BigMo’s Blog

Politics and Economics in Israel

Nuclear Tap Dance

When will the other shoe drop?

In May of this year, one potential piece of Barack Obama’s “comprehensive” peace plan emerged.  It was given very little coverage outside of the Middle East.  On May 5, 2009, the US Assistant Secretary of State Rose Gottemoeller urged Israel, India, Pakistan and North Korea to sign the non-proliferation treaty. One hundred eighty six nations have.  This includes Iran, which is flagrant violation; and Libya, which was “scared straight” by former President George W. Bush’s invasion of Iraq in 2003.

At that time Uzi Even, a former Knesset member and scientist at the nuclear reactor in Dimona, said the statement by the assistant secretary of state is indicative of a change in the US’ policy towards Israel regarding its nuclear capabilities.  “In the past there was an informal agreement between the US and Israel; the Americans knew Israel possessed nuclear arms but looked the other way,” he said, “now the US is breaching this agreement.”   This would not be the last time the Obama regime has unilaterally attempted to re-write its relationship with Israel.

Even suggests that Israel must change its deliberately vague nuclear policy and sign the NPT, which would place Dimona under international supervision.  This would also allow Israel to develop nuclear weapons, at least theoretically.  However, Israel declaring its nuclear program is unlikely to have a positive effect on the stability of the region.  Arab states would then argue that Israel must disarm before any other issues can be discussed – including the dismantling of the Iranian program.

The other shoe drops

This past week, Egyptian Foreign Minister Ahmed Aboul Gheit appealed to the UN Security Council to put Israel’s nuclear program under international supervision and set a timeframe for a nuclear-free Middle East.  In a letter to the 15-member council last week, Aboul Gheit highlighted that Israel has not signed onto the Nuclear Non-Proliferation Treaty (NPT) adding: “Israel’s nuclear capabilities cannot evade world attention.”

The resolution, passed at the end of the annual general assembly of the International Atomic Energy Agency in Vienna on September 24, also demands that Israel open its nuclear reactor in Dimona to international inspectors.  Thus, the Egyptians have successfully put Israel’s nuclear program on the agenda.

In the first resolution, a majority of 49 countries passed.   The majority included all the members of the Arab League and the bloc of developing nations.  Opposing the resolution were 45 Western countries, including the European Union and the United States.  There were 16 abstentions.
Although the US and Europe attempted to back Israel, the result was a foregone conclusion.  The institutions the West created in the aftermath of the Second World War were hijacked years ago.  Gotemoeller’s little speech was picked up by Egypt and they ran with it.

Bargaining Chips

If Israel were to sign the NPT treaty, it would theoretically open the door to IAEA inspections.  This means Dimona, the site of most of Israel’s nuclear research activities, as well as several smaller facilities, such as Nahal Sorek. The reasoning goes like this: if Israel were to sign and admit inspectors, it would put pressure on Iran to give IAEA inspectors access to Iranian facilities, and also put pressure on them to start abiding by previously agreed upon limitations.  However, reason and Iran seldom go together.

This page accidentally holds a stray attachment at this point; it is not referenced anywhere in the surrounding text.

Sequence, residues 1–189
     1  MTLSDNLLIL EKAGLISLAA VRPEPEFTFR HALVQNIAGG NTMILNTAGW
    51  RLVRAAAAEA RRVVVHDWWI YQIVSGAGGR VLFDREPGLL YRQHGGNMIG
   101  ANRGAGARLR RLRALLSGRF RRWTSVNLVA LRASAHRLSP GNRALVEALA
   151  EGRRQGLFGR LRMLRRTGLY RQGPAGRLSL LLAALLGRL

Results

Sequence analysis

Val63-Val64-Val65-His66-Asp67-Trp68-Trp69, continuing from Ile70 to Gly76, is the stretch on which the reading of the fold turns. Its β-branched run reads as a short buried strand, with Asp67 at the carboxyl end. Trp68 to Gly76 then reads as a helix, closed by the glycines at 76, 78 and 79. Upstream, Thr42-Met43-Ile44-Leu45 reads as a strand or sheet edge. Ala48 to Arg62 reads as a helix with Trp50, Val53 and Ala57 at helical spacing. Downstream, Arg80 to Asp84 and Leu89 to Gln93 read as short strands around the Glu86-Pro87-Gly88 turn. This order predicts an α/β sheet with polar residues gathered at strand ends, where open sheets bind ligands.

If it were reasonable, wouldn’t it have responded to the first round of sanctions? What about the second round and third rounds of sanctions, which it ignored?  Reason would also dictate that with 120,000+ US troops based in countries on its eastern and western borders, Iran would act cautiously.  That hasn’t fazed the Iranians, either.  In fact, America, weary of both wars, their costs and their casualties, would like nothing better than to leave both Iraq and Afghanistan.  It knows it cannot do either, as Iran is poised to fill the vacuum should America leave precipitously.

However, let’s get back to the dance.  Increasingly, the Americans and the moderate Arab camp are viewing the Israeli nuclear program as a bargaining chip.  Why not?  It’s a good one that the so-called moderate Arab states can collect on twice.   If Israel is compelled to “come clean” on its nuclear program and weapons, immense pressure could be brought to bear on Iran. While Israel would still retain a strategic advantage, the extent of its capabilities would become known, giving the moderate camp more leverage on a host of issues: weapon purchases, their own nuclear plans and a Palestinian state.

If there were a nuclear-free zone in the Middle East, it would benefit Israel and all other nations as well.  If such a prohibition were coupled with a ban on the development of biological and chemical agents, along with missile technology, it would actually be to Israel’s advantage.  Unfortunately, the US and its European allies seem to have lost the testicular fortitude necessary to take action when even their most basic ideas and values are under attack. Obama only wags his finger at tyrants in Damascus and Teheran and mutters “tsk, tsk, tsk” under the chorus of change.

September 28, 2009 - Posted by | Middle East, Obama | , , ,

1 Comment »

  1. I don’t know If I said it already but …I’m so glad I found this site…Keep up the good work I read a lot of blogs on a daily basis and for the most part, people lack substance but, I just wanted to make a quick comment to say GREAT blog. Thanks, 🙂

    A definite great read..Jim Bean

    Comment by JimmyBean | October 1, 2009 | Reply


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